Top left to right: David Baltz, Aneita Cooper. Bottom left to right: Neal Harwell, Matt Knight
POCAHONTAS, AR November 24– On Friday, November 6, BRTC welcomed 4 Northeast Arkansas mental health professionals to visit with faculty and staff about the mental and emotional effects of COVID-19. Professionals discussed ways to address stress, anxiety, depression stemming from COVID-19 on oneself, family, work.
Panelists were David Baltz, licensed mental health counselor with the John J Pershing VA Medical Center in Pocahontas; Aneita Cooper, Director of Counseling at Williams Baptist University in Walnut Ridge; Neal Harwell, Director of Students, BRTC at Pocahontas; and Matt Knight, a licensed mental health counselor formerly with Mid-South Health Systems in Jonesboro.
The panelists all agreed that not only is COVID-19 causing anxiety and stress on Americans during this time, but events in the news including the presidential election and racial tension across the country also contribute to it.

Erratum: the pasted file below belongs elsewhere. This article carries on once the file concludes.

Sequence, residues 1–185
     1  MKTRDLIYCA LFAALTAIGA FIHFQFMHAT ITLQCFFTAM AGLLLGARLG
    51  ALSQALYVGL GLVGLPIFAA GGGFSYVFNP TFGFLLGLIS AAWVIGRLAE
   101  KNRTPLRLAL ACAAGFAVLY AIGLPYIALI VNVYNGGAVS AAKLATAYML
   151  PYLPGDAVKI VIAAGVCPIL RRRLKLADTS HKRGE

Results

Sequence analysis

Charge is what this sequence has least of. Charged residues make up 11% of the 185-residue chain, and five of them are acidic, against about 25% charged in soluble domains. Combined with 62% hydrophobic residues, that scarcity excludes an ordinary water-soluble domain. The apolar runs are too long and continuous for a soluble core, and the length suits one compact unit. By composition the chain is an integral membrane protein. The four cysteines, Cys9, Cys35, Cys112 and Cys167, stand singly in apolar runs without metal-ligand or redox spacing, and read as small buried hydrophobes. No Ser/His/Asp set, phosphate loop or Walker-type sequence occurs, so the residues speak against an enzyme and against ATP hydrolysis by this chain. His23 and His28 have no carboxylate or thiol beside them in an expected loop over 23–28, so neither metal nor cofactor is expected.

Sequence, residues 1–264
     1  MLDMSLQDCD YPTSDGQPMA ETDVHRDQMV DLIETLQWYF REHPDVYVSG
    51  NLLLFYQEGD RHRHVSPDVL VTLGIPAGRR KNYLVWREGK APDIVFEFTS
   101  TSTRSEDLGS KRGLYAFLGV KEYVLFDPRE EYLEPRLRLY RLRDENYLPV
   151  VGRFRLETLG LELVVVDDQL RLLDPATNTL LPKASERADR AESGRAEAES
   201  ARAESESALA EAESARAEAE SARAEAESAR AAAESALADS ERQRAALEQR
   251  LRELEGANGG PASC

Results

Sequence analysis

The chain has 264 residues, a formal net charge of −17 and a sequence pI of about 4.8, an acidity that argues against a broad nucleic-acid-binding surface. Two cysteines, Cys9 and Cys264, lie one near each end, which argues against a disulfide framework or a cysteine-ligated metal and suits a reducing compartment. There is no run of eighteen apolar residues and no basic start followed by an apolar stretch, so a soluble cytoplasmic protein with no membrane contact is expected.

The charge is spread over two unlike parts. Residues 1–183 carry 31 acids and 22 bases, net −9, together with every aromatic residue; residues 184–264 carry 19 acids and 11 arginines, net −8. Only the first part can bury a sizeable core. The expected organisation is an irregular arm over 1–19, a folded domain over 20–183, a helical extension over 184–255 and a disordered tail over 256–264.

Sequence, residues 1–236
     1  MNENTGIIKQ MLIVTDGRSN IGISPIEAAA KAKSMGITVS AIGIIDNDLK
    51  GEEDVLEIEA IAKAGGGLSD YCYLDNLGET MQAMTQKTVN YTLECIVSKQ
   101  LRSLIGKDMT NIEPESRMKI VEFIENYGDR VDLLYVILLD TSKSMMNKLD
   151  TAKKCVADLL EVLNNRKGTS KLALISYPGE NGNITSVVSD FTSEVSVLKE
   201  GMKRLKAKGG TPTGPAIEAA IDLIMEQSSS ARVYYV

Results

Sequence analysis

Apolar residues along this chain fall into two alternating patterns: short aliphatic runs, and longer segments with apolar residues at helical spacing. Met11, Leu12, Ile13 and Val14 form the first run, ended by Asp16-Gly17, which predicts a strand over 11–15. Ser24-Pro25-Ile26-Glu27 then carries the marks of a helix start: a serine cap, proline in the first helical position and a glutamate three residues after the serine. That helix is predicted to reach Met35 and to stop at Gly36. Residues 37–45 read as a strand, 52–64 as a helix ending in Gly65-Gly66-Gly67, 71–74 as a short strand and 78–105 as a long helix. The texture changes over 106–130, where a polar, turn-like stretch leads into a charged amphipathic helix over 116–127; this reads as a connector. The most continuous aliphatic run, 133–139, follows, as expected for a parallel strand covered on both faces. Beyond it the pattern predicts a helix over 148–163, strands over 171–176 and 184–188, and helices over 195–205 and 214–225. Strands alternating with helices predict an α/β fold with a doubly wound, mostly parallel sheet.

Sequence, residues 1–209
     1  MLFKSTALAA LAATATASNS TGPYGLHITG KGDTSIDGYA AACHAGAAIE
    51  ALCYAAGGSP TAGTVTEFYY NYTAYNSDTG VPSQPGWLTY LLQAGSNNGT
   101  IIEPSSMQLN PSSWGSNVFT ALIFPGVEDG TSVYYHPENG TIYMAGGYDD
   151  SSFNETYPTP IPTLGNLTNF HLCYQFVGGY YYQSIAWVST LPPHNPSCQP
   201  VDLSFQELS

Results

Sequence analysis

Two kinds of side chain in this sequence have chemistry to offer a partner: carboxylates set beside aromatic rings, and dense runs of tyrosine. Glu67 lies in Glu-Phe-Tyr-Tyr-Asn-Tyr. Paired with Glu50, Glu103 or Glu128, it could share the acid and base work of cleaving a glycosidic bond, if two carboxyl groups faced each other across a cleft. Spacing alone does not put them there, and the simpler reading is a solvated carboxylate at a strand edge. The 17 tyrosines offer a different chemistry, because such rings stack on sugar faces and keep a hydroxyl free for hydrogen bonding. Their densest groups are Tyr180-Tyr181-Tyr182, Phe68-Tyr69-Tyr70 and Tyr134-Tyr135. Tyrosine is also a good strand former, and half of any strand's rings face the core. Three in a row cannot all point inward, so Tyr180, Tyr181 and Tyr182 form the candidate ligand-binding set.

Baltz explained that “anxiety is perception” and individuals can choose to think positively to address the stresses of COVID-19. He said he suggests that his patients rank their level of stress and decide which stressors are not life threatening, life threatening, and dangerous then address them accordingly. He said individuals must avoid judging others’ response to COVID and attempt to better manage their anxiety and stress.
Cooper suggested taking a break from social media to help reduce stress. She said learning how to take care of oneself an focusing on what is important now is important to coping. Identifying ways to feel a sense of control can help reduce stress and anxiety. She also said individuals need to help others during this difficult time.
Harwell reminded faculty and staff that it is okay to set boundaries on work and other places, including at home. Doing so is important to helping one manage stress. He also said it’s important to remember that fear exists to remind people to protect themselves.
Finally, Knight said taking breaks is important and that one person cannot do everything. He said, “We are what we think at any given moment” and a positive outlook can help a person feel safer and more relaxed. He also suggested that individuals find something or someone who makes them happy.
For more information about how BRTC is preparing for the COVID-19 pandemic and students’ return, visit with the BRTC campus health page at https://www.blackrivertech.org/brtcstudents/campus-health.